June 21, 2022

Currency News

MyCURRENCY News | Week 25 2022

MyCURRENCY News | Week 25 2022

What we know

“The sky is falling in” – that’s the perception of most market participants, judging by last week’s market activity. To be fair, on year-to-date basis, the Rand hasn’t fared that poorly against the US dollar, down by 0.37% compared to the worst-hit Turkish lira, which has depreciated by a whopping 30%. That tidbit doesn’t reflect the volatility from last week though. The Rand continued its slump from the previous week, tipping the USD/ZAR16.19 mark in line with the capitulation in most commodity currencies before the FOMC rate decision. 

Unless you were living on Mars, and even there they probably heard the news, the FOMC did hike the Fed Funds rate on Wednesday by 0.75% to a target range of 1.50%-1.75%, as anticipated by the market. All nice and hawkish you say. Indeed, it was but the result was an intraday ‘buy everything rally’, as sentiment rebounded. The Fed also downgraded its US growth forecasts for 2022 and 2023 but remained adamant there would be no recession. Not so sure on this one given their track record over the last couple of years.

Fed Chair Jerome Powell did try to play the same trick he played on the last meeting – lobbing some random dovish forward guidance into the hawkish message. “Don’t expect 75bp point moves to be common” was the verbiage this time, vs “75bps isn’t something FOMC is actively considering” (uttered 42 days before a 75BP hike). The USDZAR did the same thing on both FOMC meetings: it ticked up ever so slightly, before tumbling down on the silly dovish throwaway line during the press release. Fool me once, fool me twice, fool me thrice?

In the rest of the EM currency space, the rally was rather uneven, Asian currencies booked only modest gains and as the reality of a widening interest differential and a slowing US economy dawn, those gains are being reversed this morning. Bitcoin managed a dead-cat bounce of USD 20,000.00 but crypto remain in the naughty corner. Considering the week’s carnage, the Rand strangely held its own against its EM peers, deriving fundamental support from local determinants with market participants seemingly overlooking the political noise, suggestions to import Russian oil at cheaper prices and a devastating truck blockade of key routes to Johannesburg.

What others say

BloombergFed’s Rate Hike Unearths Bounty in Pockets of Emerging World

It sounds counterintuitive: Risk assets are typically hammered during market volatility and emerging markets have indeed been hurt, with a key gauge of equities fresh off its worst week since March. But with much of that turbulence stemming from assets in the US — the world’s defacto safe haven — amid mounting concerns about the growth outlook there, the relative appeal of developing nations is growing.

NPRFear The Vibe Shift: Are We Entering A Recession?

It’s being whispered and murmured about. The president is facing questions about it. Business leaders and investors are already bracing for it. The specter of recession is once again rearing its monstrous head. It’s feasible that the economy could chug along without any bumps or crashes. But boom-and-bust cycles remain a seemingly inescapable feature of capitalist economies.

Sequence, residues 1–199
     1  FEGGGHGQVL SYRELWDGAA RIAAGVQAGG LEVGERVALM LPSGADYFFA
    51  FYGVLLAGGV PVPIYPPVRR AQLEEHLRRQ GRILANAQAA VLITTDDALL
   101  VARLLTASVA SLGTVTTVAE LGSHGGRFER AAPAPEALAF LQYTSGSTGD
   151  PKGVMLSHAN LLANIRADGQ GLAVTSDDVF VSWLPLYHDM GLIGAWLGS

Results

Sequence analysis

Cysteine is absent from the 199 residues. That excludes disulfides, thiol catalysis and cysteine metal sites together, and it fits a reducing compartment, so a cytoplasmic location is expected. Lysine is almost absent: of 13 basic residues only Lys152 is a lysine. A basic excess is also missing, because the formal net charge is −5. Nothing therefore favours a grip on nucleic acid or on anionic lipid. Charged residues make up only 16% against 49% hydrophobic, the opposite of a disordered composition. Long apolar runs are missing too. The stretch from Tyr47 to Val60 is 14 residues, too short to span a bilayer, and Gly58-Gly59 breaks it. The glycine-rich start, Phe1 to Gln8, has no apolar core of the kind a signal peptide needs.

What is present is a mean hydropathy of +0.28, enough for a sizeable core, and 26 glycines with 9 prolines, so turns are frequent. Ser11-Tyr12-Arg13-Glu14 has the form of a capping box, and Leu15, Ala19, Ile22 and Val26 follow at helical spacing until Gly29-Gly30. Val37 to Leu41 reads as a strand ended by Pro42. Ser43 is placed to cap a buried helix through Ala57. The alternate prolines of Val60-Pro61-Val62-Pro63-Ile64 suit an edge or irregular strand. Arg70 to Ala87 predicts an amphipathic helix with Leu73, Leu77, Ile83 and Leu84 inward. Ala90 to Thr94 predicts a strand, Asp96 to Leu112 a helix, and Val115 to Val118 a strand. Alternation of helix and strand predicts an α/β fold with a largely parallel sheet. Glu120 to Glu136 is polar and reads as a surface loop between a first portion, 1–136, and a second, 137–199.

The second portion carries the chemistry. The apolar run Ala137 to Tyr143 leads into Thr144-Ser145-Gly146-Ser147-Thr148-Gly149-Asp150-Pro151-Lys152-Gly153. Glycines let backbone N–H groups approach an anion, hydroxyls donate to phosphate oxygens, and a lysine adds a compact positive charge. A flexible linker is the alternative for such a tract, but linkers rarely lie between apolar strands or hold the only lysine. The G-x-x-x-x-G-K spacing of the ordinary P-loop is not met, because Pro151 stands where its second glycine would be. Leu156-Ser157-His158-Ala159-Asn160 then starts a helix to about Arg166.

Business TechSouth Africa expected to break inflation ceiling this week

These inflation figures, which are not unique to South Africa, are expected to be felt across the global markets as central banks look to rate hikes to bring them under control. In South Africa, inflation reached 5.9% in April 2022.

By 31 May 2022, the Reserve Bank’s Monetary Policy Committee had raised the repo rate by 100 basis points to 4.75% and indicated that there were likely to be further increases in the second half of the year.

The GuardianFarmgate’ threatens Cyril Ramaphosa’s South Africa re-election bid

Ramaphosa’s election to the leadership of the ANC and subsequent victory in national elections four years ago raised hopes South Africa had reached a turning point after years of soaring unemployment, crumbling infrastructure and flagging economic growth. But entrenched opposition within the ruling party, the president’s own consensual approach and the Covid pandemic have all contributed to widespread disappointment in his term in office.

What we think

Last week we wrote “Inflation surprised to the upside slightly. Though, what is monumental is that this was the highest print in 40 years for the US and subsequently sent the Dollar on a rampage”.

The path of least resistance seems to be lower stocks and higher USD. Our view in this hiking cycle is that the US Fed and other central banks keep hiking until they break something. What they need to break in this cycle is the price of oil and gas, even if that means causing a recession. 

That said, we think that Fed speakers will have a much bigger impact on global market sentiment and the FX market this week, with the main event to watch being Fed Chair Jerome Powell’s two-day testimony to Congress.

Unless we see some explicit pushback against a 75bp hike in July, markets may consolidate their pricing for a Fed rate around 3.50% at the end of this year, which should offer some underlying support to the dollar. Incidentally, global risk appetite may struggle to recover just yet especially considering the recent developments in the gas market and lingering concerns about China’s economic outlook, all of which should continue to fuel demand for defensive dollar positions. A return above 105.00 in DXY in the short term is our base case.

Our range for the week: R15.90 – R16.20.

Have a great week ahead.